Divine Appointments and the Cornerstone

This article follows up on last month’s, partly because my wife and I recently experienced what we believe were divine appointments among those in the Muslim world observing the fasting month of Ramadan. We believe that, in some way or another, the Holy Spirit is at work in the hearts of seekers before we even encounter them. Our experience, we are sure, was only the tiniest fraction of Jesus’ appearances over those thirty days and was surely due to the prayers of people like you.

While using public transport in South Asia we encountered two individuals who shared with us that they were disillusioned with what they had been taught about their religion. Both were searching for the truth, and one was particularly interested in the story of Jesus’ death and resurrection. Yet a third encounter came with a former religious leader who became disillusioned by the religious teachings he was himself teaching: he had been given a few powerful dreams and, over several months, decided to follow Jesus. He is now sharing his story with insights we had not previously heard from those coming to faith from that religion. Key people, taking risks for God’s glory, were mentoring him during his questioning of and search for truth.

Why should we be surprised that God would orchestrate these appointments and use us? The Apostle Paul explains in Ephesians 2:19-22, saying that we are part of the household of God, built upon a strong foundation with Jesus holding the household together as the cornerstone. We are built as a dwelling place for God in the Spirit.

So then you are no longer strangers and sojourners, but you are fellow citizens with the saints and members of the household of God, built upon the foundation of the apostles and prophets, Christ Jesus himself being the cornerstone, in whom the whole structure is joined together and grows into a holy temple in the Lord; in whom you also are built into it for a dwelling place of God in the Spirit.

Ephesians 2:19-22 ESV

What is a cornerstone? We’ve probably heard a definition or two. According to Wikipedia,

A cornerstone (or foundation stone or setting stone) is the first stone set in the construction of a masonry foundation. All other stones will be set in reference to this stone, thus determining the position of the entire structure…Over time a cornerstone became a ceremonial masonry stone, or replica, set in a prominent location on the outside of a building.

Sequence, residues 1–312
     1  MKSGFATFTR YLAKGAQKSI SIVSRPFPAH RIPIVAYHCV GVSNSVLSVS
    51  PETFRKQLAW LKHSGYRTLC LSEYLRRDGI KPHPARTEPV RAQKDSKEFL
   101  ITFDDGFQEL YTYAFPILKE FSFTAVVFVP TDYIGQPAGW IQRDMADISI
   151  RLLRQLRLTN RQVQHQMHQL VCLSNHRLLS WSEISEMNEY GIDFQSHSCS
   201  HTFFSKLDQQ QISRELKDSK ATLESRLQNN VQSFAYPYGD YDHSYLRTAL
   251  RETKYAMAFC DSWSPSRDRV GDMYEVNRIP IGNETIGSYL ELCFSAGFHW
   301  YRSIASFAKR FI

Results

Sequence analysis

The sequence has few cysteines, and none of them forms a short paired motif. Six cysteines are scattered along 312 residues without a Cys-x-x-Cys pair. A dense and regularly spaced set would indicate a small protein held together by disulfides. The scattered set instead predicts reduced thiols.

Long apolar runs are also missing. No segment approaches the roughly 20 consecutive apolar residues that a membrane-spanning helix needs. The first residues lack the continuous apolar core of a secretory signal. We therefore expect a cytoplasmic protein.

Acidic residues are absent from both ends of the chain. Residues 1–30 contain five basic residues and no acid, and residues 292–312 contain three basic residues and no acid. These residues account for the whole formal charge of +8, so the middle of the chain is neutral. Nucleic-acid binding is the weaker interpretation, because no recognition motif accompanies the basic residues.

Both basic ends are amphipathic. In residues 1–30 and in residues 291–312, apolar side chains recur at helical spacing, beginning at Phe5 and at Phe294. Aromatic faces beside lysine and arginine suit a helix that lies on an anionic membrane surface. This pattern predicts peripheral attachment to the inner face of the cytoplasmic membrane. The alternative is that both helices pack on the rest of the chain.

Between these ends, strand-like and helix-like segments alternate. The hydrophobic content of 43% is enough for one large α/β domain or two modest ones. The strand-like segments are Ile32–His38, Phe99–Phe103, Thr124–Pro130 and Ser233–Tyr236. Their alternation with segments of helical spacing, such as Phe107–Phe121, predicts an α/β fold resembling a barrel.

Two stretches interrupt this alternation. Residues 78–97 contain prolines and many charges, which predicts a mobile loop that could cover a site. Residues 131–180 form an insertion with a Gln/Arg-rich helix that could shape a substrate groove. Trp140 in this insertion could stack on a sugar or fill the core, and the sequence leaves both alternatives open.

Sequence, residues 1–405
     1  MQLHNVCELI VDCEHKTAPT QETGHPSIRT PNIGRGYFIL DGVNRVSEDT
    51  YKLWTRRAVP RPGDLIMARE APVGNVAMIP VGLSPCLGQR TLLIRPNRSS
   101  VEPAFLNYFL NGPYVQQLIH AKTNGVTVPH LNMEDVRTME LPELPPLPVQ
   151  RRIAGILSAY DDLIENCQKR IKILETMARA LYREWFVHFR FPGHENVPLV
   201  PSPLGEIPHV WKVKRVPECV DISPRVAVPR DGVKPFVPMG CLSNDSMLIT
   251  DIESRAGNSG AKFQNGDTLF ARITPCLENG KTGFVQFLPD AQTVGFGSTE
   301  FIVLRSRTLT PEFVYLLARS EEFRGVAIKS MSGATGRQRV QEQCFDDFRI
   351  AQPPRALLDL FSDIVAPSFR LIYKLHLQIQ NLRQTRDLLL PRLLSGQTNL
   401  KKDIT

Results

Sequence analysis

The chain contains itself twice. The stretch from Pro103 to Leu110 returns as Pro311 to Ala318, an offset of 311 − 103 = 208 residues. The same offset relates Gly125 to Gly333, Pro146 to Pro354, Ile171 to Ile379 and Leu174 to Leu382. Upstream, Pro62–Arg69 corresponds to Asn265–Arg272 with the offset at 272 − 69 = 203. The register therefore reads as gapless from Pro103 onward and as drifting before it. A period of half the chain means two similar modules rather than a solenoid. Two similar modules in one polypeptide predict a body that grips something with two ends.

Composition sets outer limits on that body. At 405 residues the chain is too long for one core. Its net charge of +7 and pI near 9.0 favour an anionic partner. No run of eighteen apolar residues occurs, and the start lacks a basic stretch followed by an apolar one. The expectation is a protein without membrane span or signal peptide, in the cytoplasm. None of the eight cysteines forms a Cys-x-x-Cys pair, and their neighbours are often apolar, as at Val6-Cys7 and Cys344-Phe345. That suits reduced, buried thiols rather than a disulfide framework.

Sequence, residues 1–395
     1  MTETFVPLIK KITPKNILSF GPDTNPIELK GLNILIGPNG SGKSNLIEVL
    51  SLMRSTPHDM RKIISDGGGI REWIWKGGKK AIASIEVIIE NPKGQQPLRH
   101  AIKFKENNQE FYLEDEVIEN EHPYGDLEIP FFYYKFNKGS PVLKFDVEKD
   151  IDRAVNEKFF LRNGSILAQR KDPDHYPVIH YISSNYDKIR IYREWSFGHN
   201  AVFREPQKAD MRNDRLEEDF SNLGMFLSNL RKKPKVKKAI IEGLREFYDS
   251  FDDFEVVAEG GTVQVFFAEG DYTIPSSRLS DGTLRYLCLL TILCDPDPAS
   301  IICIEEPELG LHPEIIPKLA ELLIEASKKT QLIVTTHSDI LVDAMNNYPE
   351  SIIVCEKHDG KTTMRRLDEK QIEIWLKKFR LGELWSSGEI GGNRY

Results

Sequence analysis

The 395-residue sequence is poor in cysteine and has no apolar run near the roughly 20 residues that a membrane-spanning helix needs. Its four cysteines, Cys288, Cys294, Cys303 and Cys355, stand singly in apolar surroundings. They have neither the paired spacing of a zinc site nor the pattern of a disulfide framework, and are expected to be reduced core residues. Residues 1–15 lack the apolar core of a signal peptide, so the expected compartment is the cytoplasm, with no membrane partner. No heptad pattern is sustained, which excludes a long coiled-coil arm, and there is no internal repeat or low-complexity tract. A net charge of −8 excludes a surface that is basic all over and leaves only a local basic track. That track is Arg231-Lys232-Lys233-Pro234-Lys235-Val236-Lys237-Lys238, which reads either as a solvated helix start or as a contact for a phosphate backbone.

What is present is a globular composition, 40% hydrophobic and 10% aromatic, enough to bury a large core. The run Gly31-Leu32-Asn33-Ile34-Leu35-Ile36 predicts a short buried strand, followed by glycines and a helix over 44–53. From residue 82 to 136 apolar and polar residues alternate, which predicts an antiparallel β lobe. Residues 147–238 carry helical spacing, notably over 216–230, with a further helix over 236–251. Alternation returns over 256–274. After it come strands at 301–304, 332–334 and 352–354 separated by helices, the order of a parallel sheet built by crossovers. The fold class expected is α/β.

After a cursory scroll through the internet, I found that most definitions define a cornerstone as a stone fitted in a ceremony. Cornerstones do not serve the same purpose they used to. However, the first Wikipedia definition did align with the early historical definition. A cornerstone had been used as the stone to which all other stones would be set. The cornerstone would ensure that the building was plum and level.

The change in definitions, from something critical to a building’s structure to something ornamental, is primarily due to the changing context and tools available to masons today. It is also, sadly, illustrative of the context of much of Christendom in our present day, where instead of Jesus being the measuring tool by which our lives are anchored and aligned, he is easily placed as more of an ornament for display: in other words, Christianity without the love of Jesus or the power of the Holy Spirit behind it.

Are we aligned with Jesus? As believers, we find our hope and strength where others desperately searching for it will find it: in Jesus, our Cornerstone. He resides in us and orchestrates divine appointments when we might least expect them. Let’s be ready in the power of the Holy Spirit. God has divine appointments for us right around the corner.

At WMPL, we align ourselves organizationally primarily around three of Jesus’ commands:

  1. to pray to the Lord of the harvest (Luke 10:2);
  2. to go (Matthew 28:19); and
  3. to make disciples (Matthew 28:19).

Thank you for aligning yourselves with Jesus and joining us on this incredible mission!

Leave a Comment

This site uses Akismet to reduce spam. Learn how your comment data is processed.